ENVS 24 (Fall): "General Ecology." Covers principles of ecology including limits to species abundances, evolutionary ecology, population dynamics, community interactions and patterns, and ecosystem patterns and dynamics. Prerequisite(s): Applied Mathematics and Statistics 2 or 3 or 6, or MATH 3 or higher; or mathematics placement examination (MPE) score of 300 or higher; or AP Calculus AB exam score of 3 or higher; course 23 recommended as prerequisite to this course. (General Education Code(s): SI, IN.)

ENVS 25  (Winter): "Environmental Policy & Economics." Introduces the policy and economic dimensions of some pressing environmental challenges. Uses examples from population, water, climate change, and other topics to examine the economic underpinnings of environmental problems, the process of environmental policy-making, and the trade-offs in different policy solutions. (General Education Code(s): PE-E, IS.)

2. Service learning sustainability internship: This internship sequence provides students the opportunity to undertake internships in participating on- or  off-campus service projects (e.g., CASFS, Homeless Garden, etc. For more information, see the Service Learning Sustainability Internship placement page.) Students must enroll in the lower division introduction (CLEI 55) to service learning and at least two quarters (CLEI 155) of the upper division internship program (2LD + 4 UD units).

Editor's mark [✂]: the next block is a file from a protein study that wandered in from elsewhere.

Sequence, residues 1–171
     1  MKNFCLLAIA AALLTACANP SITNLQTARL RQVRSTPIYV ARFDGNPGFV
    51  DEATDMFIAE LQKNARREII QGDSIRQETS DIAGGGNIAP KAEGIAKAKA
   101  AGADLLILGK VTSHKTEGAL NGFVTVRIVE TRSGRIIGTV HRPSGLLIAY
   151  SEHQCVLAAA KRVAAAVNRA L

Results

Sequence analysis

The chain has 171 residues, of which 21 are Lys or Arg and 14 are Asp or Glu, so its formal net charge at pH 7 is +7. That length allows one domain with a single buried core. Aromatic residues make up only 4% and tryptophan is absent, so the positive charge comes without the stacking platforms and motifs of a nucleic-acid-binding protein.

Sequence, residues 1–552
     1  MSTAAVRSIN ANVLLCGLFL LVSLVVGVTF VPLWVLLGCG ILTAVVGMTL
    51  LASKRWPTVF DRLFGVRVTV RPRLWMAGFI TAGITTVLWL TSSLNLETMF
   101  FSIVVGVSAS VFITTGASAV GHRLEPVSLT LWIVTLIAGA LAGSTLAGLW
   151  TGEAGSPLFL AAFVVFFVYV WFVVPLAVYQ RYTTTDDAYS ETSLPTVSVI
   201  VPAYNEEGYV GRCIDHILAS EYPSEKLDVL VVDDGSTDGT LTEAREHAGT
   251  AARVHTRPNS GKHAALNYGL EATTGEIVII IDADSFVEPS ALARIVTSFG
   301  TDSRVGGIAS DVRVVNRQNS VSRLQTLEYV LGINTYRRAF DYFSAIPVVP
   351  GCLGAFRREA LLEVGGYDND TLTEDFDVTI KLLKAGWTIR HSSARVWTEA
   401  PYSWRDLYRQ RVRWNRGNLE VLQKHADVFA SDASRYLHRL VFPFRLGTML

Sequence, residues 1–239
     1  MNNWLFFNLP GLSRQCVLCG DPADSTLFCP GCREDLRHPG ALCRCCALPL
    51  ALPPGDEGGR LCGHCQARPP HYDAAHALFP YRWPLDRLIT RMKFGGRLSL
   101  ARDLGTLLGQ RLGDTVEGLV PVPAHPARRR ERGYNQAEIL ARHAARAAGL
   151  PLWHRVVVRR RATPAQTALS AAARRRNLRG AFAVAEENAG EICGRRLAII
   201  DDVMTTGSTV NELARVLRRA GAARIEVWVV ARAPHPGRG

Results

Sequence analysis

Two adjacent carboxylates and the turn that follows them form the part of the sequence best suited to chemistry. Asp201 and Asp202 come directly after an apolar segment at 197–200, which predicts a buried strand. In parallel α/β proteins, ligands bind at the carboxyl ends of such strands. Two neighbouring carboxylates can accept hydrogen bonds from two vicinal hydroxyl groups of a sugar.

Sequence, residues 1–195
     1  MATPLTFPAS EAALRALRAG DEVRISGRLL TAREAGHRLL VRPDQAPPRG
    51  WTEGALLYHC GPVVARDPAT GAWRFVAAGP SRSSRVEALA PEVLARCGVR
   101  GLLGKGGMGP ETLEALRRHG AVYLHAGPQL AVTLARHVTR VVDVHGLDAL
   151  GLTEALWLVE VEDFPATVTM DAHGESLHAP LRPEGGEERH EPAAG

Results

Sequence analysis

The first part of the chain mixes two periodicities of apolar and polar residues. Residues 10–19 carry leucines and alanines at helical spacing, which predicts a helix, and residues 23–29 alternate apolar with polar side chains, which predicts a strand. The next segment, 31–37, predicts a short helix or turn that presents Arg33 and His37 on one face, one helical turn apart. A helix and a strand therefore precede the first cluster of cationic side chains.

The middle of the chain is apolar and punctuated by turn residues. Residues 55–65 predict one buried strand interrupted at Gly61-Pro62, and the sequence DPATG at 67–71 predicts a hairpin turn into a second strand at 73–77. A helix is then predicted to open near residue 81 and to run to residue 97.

CLEI 55 (Fall):  “Introduction to Service Learning for Sustainability.” For students enrolling in the service learning sustainability sequence.  Basic introduction to principles of service learning and participatory action research, and placement in campus and community internships. Students are advised and taught by the College Provost and staff and determine the content of their internship in consultation with Provost, staff and individual supervisors (2 LD units).

CLEI 155 (Susan Watrous, W-S): “Rachel Carson College (formerly College Eight) Sustainability Internship.” For students undertaking sustainability-oriented service learning work in the College, College-related projects, community service organizations, or public agencies, who have already taken CLEI 55 (4 UD units). 

3. Sustainability research & green enterprise practicum: This practicum sequence provides classroom and field instruction in sustainability-related research (Fall), either with faculty or independently, green project design and social enterprise (Winter), and grant-writing and fund-raising for sustainability projects (Spring). Students must take all three quarters at some time during the minor (6 UD units).

CLEI 150A (Fall): “Sustainability Praxis in the Built Environment.” Introduction to the concepts, methods and practices of research on sustainable energy, water and food production and consumption; resources surveying and assessment; building energy auditing; renewable energy systems; water supply, demand and distribution; intensive agroecology conducted at campus sites.